This week, the federal government announced it will pause expanding MAID (medical assistance in dying) to cover Canadians suffering from mental illnesses. The expansion was supposed to take place this March. It is the second time the program has been paused, following a 2016 Superior Court of Quebec decision.
“It’s clear from the conversations we’ve had that the system is not ready and we need more time,” explained Health Minister Mark Holland.
The Toronto Star recently reported that the number of Canadians ending their lives through MAID has “grown at a speed that outpaces every other nation in the world.” In the last couple of years, more citizens have died in Canada using MAID than in any other country on Earth.
In 2022, MAID deaths reached a total of 13,000, which is four percent of all deaths in Canada. It represented a whopping 31 percent increase from the year before. If Canada continues at this rate, next year it will be the world leader in the percentage of deaths due to MAID. Eleven other countries worldwide offer end-of-life treatment.
When MAID was first introduced in Canada in 2016, some experts saw it as a human rights win, claiming it allowed citizens the right to choose how they wished to pass on; letting those who were suffering from physical illnesses die in a dignified way.
Others, including the Canadian Medical Association Journal, have since pointed out just how much our health-care system is saving due to MAID.
Those who support the expansion say people suffering from mental illness deserve to be treated the same under the law as those suffering from physical ailments.
But others say this potential new measure would harm vulnerable and disadvantaged groups. Some religious groups are deeply opposed. Critics claim MAID’s growing use is due to a health-care system and social safety net that is failing to serve its citizens. For example, there have been reported instances of veterans being offered the option of ending their lives by Veterans Affairs caseworkers.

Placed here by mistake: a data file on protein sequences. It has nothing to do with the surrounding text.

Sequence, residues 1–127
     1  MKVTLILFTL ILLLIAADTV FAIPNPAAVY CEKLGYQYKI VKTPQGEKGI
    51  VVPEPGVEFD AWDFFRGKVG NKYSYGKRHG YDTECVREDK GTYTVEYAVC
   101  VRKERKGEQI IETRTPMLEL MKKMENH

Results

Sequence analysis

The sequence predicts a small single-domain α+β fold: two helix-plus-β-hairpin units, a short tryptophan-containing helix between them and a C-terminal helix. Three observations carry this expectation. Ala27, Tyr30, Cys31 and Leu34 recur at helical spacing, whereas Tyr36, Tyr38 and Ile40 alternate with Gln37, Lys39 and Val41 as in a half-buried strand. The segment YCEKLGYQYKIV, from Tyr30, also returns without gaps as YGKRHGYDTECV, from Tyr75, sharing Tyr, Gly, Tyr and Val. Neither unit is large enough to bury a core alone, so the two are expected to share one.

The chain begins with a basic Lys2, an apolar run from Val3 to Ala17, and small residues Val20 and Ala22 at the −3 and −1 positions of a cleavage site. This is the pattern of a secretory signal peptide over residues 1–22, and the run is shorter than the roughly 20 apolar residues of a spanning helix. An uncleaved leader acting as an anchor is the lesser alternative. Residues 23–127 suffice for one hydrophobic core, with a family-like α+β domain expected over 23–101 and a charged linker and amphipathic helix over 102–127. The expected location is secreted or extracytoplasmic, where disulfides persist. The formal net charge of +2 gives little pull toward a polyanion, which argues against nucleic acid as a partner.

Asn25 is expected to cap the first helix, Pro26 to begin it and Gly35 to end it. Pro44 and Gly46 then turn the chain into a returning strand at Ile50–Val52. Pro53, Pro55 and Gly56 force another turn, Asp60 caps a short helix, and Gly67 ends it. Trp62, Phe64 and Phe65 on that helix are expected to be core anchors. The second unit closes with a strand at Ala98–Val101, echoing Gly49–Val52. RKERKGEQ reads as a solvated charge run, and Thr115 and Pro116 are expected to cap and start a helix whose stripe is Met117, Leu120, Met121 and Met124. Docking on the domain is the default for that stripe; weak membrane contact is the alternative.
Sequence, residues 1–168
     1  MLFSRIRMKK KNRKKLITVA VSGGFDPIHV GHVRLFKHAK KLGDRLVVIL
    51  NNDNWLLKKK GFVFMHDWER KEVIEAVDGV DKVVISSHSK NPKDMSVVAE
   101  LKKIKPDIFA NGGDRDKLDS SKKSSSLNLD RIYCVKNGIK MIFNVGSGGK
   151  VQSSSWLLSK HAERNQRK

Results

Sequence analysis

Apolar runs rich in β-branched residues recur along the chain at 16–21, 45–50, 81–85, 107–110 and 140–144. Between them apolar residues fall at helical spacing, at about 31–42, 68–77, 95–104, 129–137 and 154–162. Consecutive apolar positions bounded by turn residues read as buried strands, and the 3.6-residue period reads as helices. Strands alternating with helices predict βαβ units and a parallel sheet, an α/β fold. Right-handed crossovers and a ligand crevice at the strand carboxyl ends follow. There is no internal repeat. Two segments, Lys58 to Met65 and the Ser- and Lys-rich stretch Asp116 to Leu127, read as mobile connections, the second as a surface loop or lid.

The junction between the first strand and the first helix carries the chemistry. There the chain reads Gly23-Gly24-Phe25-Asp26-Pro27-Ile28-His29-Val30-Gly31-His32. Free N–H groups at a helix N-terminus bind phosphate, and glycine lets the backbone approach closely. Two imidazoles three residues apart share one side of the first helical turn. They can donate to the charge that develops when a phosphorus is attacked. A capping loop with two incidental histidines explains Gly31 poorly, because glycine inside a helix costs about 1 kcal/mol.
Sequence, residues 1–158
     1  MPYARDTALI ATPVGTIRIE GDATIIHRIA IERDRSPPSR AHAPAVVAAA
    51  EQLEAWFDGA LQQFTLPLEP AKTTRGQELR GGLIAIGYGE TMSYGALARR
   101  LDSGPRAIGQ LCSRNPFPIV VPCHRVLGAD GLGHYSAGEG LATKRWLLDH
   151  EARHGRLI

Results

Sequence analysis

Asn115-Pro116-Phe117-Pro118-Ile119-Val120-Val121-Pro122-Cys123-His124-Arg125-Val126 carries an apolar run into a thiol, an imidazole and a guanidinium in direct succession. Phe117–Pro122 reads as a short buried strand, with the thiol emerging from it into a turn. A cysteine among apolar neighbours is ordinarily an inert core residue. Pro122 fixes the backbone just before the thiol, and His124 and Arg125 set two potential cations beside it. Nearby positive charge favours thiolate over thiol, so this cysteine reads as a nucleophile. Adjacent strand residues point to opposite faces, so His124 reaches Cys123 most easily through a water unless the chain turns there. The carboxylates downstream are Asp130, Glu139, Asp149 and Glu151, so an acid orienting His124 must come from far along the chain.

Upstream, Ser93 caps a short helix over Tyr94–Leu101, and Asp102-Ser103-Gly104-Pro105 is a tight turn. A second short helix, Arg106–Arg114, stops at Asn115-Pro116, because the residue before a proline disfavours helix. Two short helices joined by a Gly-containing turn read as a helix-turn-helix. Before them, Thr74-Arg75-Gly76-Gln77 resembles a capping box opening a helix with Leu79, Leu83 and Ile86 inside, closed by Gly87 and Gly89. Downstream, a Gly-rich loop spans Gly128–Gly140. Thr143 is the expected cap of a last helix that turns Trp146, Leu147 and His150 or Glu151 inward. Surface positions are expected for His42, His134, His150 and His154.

This week’s controversial announcement caused quite the stir online. Here are five tweets showing Canadians reacting to the government pausing mental health MAID expansion:
Dr. Sandy Simpson, a senior scientist at the Centre for Addiction and Mental Health (CAMH) and a forensic psychiatry research chair at the University of Toronto, breathed a sigh of relief and called for the expansion to be entirely abandoned.
In fact, government officials from Alberta, Ontario, Saskatchewan, B.C., New Brunswick, and Saskatchewan, along with all three territories are calling for an indefinite pause.
Inclusion Canada, an intellectual disability human rights organization pushed for the pause to become a rejection.
Others were very disappointed with the government’s decision. Dying with Dignity Canada, a charity that describes itself as an organization that advocates for end-of-life rights, tweeted that the decision meant a loss for “individuals who live with longstanding, treatment-resistant mental disorders.”
Last year, the federal government instructed a committee of 15 MPs and senators to determine whether the health-care system was ready for the expansion.
Their resulting report, which informed the government’s decision, said MAID for those with mental illnesses should be delayed until “it can be safely and adequately provided.”
Some on Parliament Hill wished MAID had been expanded. A group of Independent senators, who were part of the report, issued a joint press release stating, “The majority report…stigmatizes individuals with mental disorders, promoting the myth that individuals with mental disorders are incapable of making informed decisions about their end-of-life choices.” Two of the three lawmakers hold medical degrees.
The federal Conservatives want the MAID mental health plans scrapped. Meanwhile, the NDP are calling for more mental health support to be built before it’s introduced.
Interestingly, The Canadian Bar Association, which represents Canada’s lawyers and legal professionals, will be debating this issue of mental illness and MAID at their annual general meeting next week. One resolution seeks for the association to “withdraw” previous statements it made supporting MAID for the mentally ill.
A September 2023 Angus Reid survey shows while a majority (60 percent) of Canadians supported Canada’s previous rules governing MAID, only 28 percent say they support allowing those whose sole condition is mental illness to seek MAID.
As for what’s next, two government sources told Radio-Canada any expansion decision won’t happen before the next federal election.